Thursday, 6 October 2011


ENID, also known as ENID BLYTON is a 1999 BBC teledrama about the life of prolific children's author Enid Blyton, whose works still sell today. Far from being the happy soul that you might assume her to be, this film reveals a portrait of a damaged child-woman, who desperately tries to find happiness, while being sincerely dedicated to providing the escapism of stories to children everywhere.

From the crushing blow of her father's abandonment at a young age, and her mother's fragile world, to leaving home early and her determination to be an author and a mother, Enid's world seems to mostly be little patches of light amongst much sadness. Marriage and motherhood are not what she thought they would be, and her father is to her, still the paragon of manhood, fuelled only by scattered childhood memories. Whenever she is sad, she retreats into a fantasy world, and her books come from this place.

Enid's childish delight in winning at games, eating jelly and flirting with men shows she never grew up and show an innocent, petulant spirit. She is a true child woman, and doesn’t mean to hurt anyone. She longs for the father who left her who formed her childhood world, and understands children because she still is one at heart, but as a child, is unable to deal with her own children. She finds it difficult to live in her era, often finding adult society boring and hating the harsh realities of the war, preferring to live in the innocent ordered worlds of her books.

She is fanatically dedicated to her writing, setting herself a rule of 6000 words a day and often writing up to 23 books a year. She refers to the children she writes for and meets as her friends, and connects better with them than she does with adults. Even though she seems selfish I identify with her because it is hard to be different in a society that values conformity, and I have known other child women, and know they can't help the way they are.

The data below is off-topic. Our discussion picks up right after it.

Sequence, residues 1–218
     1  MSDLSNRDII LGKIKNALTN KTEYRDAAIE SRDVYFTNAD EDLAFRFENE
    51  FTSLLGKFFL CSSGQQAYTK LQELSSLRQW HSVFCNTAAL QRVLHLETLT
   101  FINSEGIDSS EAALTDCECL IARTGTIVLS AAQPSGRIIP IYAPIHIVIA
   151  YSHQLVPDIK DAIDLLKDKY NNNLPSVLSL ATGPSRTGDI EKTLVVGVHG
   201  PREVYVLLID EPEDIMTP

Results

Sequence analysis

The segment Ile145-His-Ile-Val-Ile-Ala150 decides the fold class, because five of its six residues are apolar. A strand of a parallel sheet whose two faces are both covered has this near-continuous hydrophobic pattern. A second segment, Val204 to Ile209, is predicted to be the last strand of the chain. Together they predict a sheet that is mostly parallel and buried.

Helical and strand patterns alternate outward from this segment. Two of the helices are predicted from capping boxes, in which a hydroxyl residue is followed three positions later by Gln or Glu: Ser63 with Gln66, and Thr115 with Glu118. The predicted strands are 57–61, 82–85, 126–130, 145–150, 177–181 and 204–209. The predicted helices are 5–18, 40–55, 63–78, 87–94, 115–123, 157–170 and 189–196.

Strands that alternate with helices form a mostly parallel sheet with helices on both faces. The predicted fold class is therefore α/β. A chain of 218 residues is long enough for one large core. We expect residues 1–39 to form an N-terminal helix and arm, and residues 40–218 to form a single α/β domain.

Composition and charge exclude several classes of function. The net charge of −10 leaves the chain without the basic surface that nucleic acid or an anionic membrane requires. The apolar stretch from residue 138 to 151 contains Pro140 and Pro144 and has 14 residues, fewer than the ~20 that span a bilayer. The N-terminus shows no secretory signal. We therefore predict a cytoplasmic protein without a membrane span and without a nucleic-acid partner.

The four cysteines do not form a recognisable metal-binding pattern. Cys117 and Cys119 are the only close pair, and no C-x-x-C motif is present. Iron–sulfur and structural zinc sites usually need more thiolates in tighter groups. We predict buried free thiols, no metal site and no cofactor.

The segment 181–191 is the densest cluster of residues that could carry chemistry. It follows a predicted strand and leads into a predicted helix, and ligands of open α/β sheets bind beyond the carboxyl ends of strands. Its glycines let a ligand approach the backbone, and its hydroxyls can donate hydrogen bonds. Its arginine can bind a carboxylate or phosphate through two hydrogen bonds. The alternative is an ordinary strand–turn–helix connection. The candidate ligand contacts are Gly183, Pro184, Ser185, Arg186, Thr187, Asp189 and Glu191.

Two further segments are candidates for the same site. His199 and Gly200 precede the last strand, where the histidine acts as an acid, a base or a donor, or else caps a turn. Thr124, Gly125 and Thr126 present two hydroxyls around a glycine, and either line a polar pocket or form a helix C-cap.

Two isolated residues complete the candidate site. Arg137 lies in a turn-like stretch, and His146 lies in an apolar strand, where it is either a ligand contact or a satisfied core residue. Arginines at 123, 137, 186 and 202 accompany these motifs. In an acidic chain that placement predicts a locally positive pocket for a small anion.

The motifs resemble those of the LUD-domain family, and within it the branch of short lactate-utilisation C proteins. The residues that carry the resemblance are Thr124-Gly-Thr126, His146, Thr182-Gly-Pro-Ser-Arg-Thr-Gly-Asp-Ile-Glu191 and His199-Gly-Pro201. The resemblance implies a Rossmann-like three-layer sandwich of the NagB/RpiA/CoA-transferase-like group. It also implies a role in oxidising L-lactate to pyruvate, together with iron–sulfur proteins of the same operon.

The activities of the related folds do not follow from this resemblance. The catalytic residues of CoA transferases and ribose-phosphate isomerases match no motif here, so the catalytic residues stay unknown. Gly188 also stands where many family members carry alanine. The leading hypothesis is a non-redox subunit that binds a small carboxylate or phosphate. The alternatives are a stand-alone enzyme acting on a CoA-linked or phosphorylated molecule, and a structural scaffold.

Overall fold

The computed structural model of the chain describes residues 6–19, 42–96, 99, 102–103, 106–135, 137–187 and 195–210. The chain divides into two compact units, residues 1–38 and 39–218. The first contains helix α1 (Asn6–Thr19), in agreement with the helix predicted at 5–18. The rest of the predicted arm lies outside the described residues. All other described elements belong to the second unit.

Enid is a bright, intelligent woman who gets around wartime paper rationing by having her books published by six different publishers, seeming desperate to give the children 'something comforting, something they can rely on.' It's almost as if she is trying to mend her own childhood wounds by giving these stories to the children of the world. I can also understand the way she cuts herself off from her family and the wounds of her childhood and unhappy relationship with her mother. I think there is a part of all of us that is trying to escape the sadnesses in our childhoods, and I can understand it. I feel as if, although I can understand it, the film does not try to explain it, and only lets Helena Bonham Carter's understated acting tell the tale, and I am not sure that all the viewers will understand what is behind it. I think you really have to know the different types of people in the world to be able to understand Enid Blyton and what it is that drives her.

Enid yearns to break free of her mother's world of 'strangulated respectability.' She often does not fit with society, or care what they think. While it seems cruel, she is unable to connect with her brothers because of their connection to her mother and the pain those memories bring her. In the scene after she sends her brother away, it is clear that she is racked with emotional pain and has no idea how to deal with it. She is running so hard from her past, desperate for it never to catch up with her. 'Different world, different girl' she says. She has built herself a new world, and cannot bear to have her reality shattered.

When, after her unborn son's death she writes Noddy and then places the little Noddy figurine by the picture of her two daughters indicates a deep love for her children and a grief at this child never having been a part of her family.

The film does not show much of her decline into dementia, but the last scene, where we suspect the beginnings of it, and she is left alone in a room by herself after the children she has read to are gone is poignant in itself.

This is a beautiful movie. It is not a movie that everyone understands, as some of the reviews on IMDb show, but I think it is a wonderful insight into a confused and difficult woman, that tries to get to the heart of the misery and personality that made her life so unhappy, despite the happiness that she gave to others.  

1 comment:

  1. I wanted to see this so badly! i love the maine actress, she's been in so many movies like fight club! oh and the kings speach of course. Well I'll def have to see it now!